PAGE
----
We also know that Outcome 1A of the Government’s ‘Biodiversity 2020 – A Strategy for England’s Wildlife and Ecosystem Services’ is for 90% of priority habitats to be in favourable or recovering condition and at least 50% of SSSIs in favourable condition; while maintaining at least 95% in favourable or recovering condition. Also, that the National Trust has a strategic objective to improve the condition of SSSI and priority habitats within its ownership. The WFD target is for all waterbodies be in ‘good’ condition by 2027.

The future of the Pool’s trout relies on a healthy macrophyte (aquatic plants) community to oxygenate the water. However, macrophytes rely on sufficient light to get rooted in the sediment and this is still a challenge because of the turbidity from diffuse nutrient and sediment inputs. The increase in contract farming where more fields in the catchment are being used for arable farming may be further adding to this problem as increased erosion from these fields will be delivering more suspended sediment into the Pool. It is hoped that if we can continue to get closer to the water quality threshold a climatic factor, such as a particularly warm spring, could trigger germination from the macrophyte seedbank and in doing so enable the trout to populate the lake once again.

Brown Trout in the River Cober and its tributaries

Between 1986 and 2012 (current extent of dataset) the EA conducted brown trout surveys at a total of 15 sites within the River Cober and its tributaries.

The results of these surveys indicate that when records began both brown trout fry and parr were present in good or excellent densities throughout the system.

In 1986 only three sites of the 13 sampled were classed as poor or worse for fry, dropping to two sites out of 13 in 1992.

In 1995, 11 sites were sampled, with two sites, albeit different ones, again being classed as poor or worse for fry. The highest value of 174 brown trout fry per 100 m², was recorded in 1986 in a tributary of the Cober  – the Sithney Stream, also known as the Mellangoose Stream – that joins the main river to the west of Helston. This stream clearly acts as a for the system nursery, with the two sites sampled consistently classified as ‘A’ with estimates of >50 per 100 m² recorded on every occasion.

Unfortunately, the intensity of sampling then dropped significantly, with surveys seemingly only conducted at between one and three sites during the five monitoring years between 2004 and 2012.

Only one site, the newly surveyed Boscadjack (SW 673 306) several kilometers north of Helston, has achieved ‘A’ classification for fry since 2004.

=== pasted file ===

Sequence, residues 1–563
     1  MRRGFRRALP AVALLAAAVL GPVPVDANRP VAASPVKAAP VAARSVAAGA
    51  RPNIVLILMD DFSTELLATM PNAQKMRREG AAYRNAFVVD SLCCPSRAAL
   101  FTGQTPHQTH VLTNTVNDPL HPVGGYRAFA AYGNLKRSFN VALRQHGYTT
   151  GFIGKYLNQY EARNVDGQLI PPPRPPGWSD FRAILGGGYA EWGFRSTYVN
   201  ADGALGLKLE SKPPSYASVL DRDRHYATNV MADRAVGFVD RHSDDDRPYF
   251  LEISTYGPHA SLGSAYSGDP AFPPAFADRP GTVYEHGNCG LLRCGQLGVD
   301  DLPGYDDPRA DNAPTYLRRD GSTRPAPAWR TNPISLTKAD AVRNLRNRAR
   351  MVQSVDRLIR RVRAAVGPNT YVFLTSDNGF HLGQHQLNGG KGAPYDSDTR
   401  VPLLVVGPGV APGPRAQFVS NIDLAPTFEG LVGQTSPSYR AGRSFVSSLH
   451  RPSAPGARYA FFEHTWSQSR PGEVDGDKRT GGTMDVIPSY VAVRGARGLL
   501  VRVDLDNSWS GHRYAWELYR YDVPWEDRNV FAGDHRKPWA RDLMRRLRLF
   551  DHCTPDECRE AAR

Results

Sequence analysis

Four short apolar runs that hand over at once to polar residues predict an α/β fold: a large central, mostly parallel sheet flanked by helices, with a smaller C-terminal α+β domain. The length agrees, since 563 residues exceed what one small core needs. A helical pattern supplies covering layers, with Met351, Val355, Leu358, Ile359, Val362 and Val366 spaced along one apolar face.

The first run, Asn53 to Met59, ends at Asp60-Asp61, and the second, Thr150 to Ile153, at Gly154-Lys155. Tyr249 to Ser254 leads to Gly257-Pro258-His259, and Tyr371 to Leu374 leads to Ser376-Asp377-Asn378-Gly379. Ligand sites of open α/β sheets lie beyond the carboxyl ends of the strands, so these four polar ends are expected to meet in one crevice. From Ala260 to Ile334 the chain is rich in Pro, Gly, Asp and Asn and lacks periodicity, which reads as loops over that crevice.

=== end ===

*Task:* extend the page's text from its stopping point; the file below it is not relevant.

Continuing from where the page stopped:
River Cober fish removals

In addition to the fish surveys between 1986 and 2012 there have been two fish removals in 1998 and 2014.

In 1998 a fish rescue was carried out on a stretch (1.3 km in length) of the River Cober prior to its dredging. The dredging was undertaken as part of essential flood defence works. Brown trout, perch, eel and three-spined stickleback were the only species recorded and removed. Brown trout were by far the most dominant species present – 193 fish, followed by perch – 95, eel – 46 and stickleback – 2.

In 2014 the EA conducted a fish rescue in the town section of the River Cober (adjacent to Coronation lake) due to scheduled dredging activity. In total, 19 brown trout fry, 15 brown trout parr and three eels were found.

Also in 2014 a survey of Loe Pool and the River Cober was conducted between 30th September and 2nd October 2014 by ECON. Five species of fish were captured in Loe Pool. In order of abundance these were, roach – 372, perch – 30, rudd – 12, eel – 3 and a single three-spined stickleback.

ECON suggested that when their sample population was put into the context of the whole Pool that there was a minimum whole lake population (based on a Pool area of 56.3 hectares) of around 84,000 fish in October 2014. A key issue was the complete lack of brown trout.

Possible ways forward

The management options put forward by ECON are being acted on currently to a greater or lesser degree with the fish exclosures being a possible first step. The exclosures could possibly allow us to monitor how the whole Pool might be put into recovery.

We may also like to investigate the introduction of gravel sized material into the channel in the dredged section below the Helston Sewage Works outlet to re-establish redds in this section. Similar projects have been carried out on the River Stiffkey in North Norfolk for example. https://www.wildtrout.org/content/anglian-rivers-sea-trout-project#Stiffkey%20gravel

Riverfly projects are in operation in parts of the catchment and it would be logical for these need to be rolled out across the whole catchment – starting with the tributaries discharging directly into the Pool. Calum Macintosh and David Davies, by coincidence, are attending a Riverfly training day on the day before the next committee meeting so can feedback.


However, it may be more pertinent to establish why the Sithney stream tributary manages to provide such a high level of brown trout fry and YOY fish, as both a spawning and nursery location in comparison to the other ten major Cober tributaries. If something were to remove this particular site as a spawning and nursery site we could find the whole catchment and Pool in a perilous state. The Sithney sub catchment does need closer investigation as to why it is so successful in comparison to all the other sites in the catchment.

In this context, a new fish survey is fairly crucial to assess the state of the fish population on the catchment and Pool as the ECON survey was carried out in 2015. There was a thought that there may have been undetected large brown trout in the Pool at depth. It is possible to detect large fish down to a depth of 15 metres, well below the Pool’s 8.2 metre depth, using green beam LiDAR – see link below – if we had access to this form of technology!


David Davies Oct 2018